When you hear the word ‘museum’, you may have the image of a boring old building full of antiques from the distant past. However, the Museum Angkut (transport museum) in Indonesian Batu city is like none other. Well, this museum surely contains old collections of transport, otherwise it will not be called a transport museum. However, once you enter the location, you will be amazed by the fact that this Indonesian museum was set up in such a way that visitors will even forget that they are actually in Indonesia.
The museum has a large collection of old vehicles from around the world and there are 3 main zones that are based on the vehicles’ place of origin: American zone, European and Asian zones. You can read about the history (mainly in Indonesian language) for most vehicles. Those who are unable to read Indonesian need not worry as you shall be able to view vintage cars and see the printed name, year of production and engine capacity written on its registration plate.
Wait, this place doesn’t look Indonesian at all. With its western style buildings, first editions of American cars and a few people wearing Halloween costumes, you may feel like you have stumbled upon the Broadway Theater on a Halloween evening in 1930s. In this zone, you will see old collections of American cars like the early editions of Ford and Dodge.
Visiting Europe is a breeze, as you can reach it in just a few steps from USA. Here, you can experience Europe during its industrial era in the 18th-19th centuries. See the earliest British car brands of Mercedes Benz and Rolls Royce, which have become some of the world’s most expensive cars at present times. You will also find German cars Porsche and Heinkel! France also takes part in the exhibition by displaying its Limousine brand. However, this limousine is 2014’s edition. You scratch the car, you buy it!
Indonesian traditional transportation
Other than cars, the museum also displays Japanese and Western old bikes and motor bikes as well as Asian traditional transport. Nevertheless, the most interesting part is the traditional Indonesian animal-drawn vehicles and “man-drawn” rickshaws. In real life, dokar (horse carriage) can be seen in many Indonesian small towns, but the picture below is the one that used to carry a Javanese Royal family in the distant past. Ox-drawn carriages were widely used by villagers in Java to carry crops and sell them to a bigger village or a town/city. However, as more and more people own a motorcycle, such carriages are no longer used in most areas. You can still see such a vehicle in the very remote villages in Java, although there is no way that this vehicle can enter an Indonesian big city like Jakarta or Surabaya. Can you imagine if that really happen in current times?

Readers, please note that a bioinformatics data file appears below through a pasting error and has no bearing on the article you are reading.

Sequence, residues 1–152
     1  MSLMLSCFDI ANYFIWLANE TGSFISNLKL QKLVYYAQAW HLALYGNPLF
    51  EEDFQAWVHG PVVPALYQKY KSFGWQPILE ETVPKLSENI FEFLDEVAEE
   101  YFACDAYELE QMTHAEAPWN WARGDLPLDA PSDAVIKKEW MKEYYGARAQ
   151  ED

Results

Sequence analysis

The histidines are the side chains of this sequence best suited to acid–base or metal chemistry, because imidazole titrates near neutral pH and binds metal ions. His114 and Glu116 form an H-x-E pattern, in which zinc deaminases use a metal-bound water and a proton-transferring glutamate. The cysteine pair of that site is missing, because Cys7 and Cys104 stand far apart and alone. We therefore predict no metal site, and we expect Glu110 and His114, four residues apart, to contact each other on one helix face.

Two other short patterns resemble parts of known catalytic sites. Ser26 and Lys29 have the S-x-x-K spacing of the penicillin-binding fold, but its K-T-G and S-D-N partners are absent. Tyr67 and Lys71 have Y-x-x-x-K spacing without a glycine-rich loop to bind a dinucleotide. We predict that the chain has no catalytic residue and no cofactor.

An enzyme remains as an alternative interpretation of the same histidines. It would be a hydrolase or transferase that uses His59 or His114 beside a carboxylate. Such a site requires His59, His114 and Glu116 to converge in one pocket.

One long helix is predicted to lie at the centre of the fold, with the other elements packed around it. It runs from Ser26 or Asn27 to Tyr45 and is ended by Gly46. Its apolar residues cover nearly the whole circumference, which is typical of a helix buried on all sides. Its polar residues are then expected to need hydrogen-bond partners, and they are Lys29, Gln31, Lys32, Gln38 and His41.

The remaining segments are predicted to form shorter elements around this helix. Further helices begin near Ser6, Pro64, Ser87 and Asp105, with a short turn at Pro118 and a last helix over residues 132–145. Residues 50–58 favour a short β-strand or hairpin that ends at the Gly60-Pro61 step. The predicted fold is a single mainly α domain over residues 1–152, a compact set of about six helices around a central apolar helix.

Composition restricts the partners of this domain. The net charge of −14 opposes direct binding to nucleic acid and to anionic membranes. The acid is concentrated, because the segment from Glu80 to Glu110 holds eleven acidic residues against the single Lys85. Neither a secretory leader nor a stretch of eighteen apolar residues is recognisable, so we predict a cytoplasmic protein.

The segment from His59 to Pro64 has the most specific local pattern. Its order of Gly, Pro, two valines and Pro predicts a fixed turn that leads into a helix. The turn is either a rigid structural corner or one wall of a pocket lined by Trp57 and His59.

The iconic Becak
Another very popular traditional transportation in Java in the present is becak (rickshaw). Different from Chinese rickshaw where the driver is in front of the passengers, Indonesian rickshaw are built in such as way that the driver’s seat and paddles are located behind passenger’s seat. Hence, the driver drives behind the passengers.. Other than Jakarta, you can easily find becak almost everywhere in Java.
Museum Angkut (Transport Museum) opens from 12pm to 8pm and entrance fee costs 60,000 IDR (4.70 USD) per person on weekdays and 80,000 IDR (6.30 USD) per person for weekends and public holidays. There is an additional charge of 30,000 IDR (2.30 USD) for each camera brought inside the museum (handphone camera is free). This museum is always included in Batu tour package, but if you want to go to the museum yourself, it’s quite easy to get there. If you stay in a nearby hotel (there are some hotels just around 200 meters away), you can simply walk to get there, otherwise from East Java Park 1 or 2, follow Museum Angkut signboards that will take you there.
Discover all sorts of transport in one place!
It is completely free to take photograph. However, if you want to have a photo session in the American Broadway zone, do take extra caution and don’t get yourself shot by Broadway’s gangsters!
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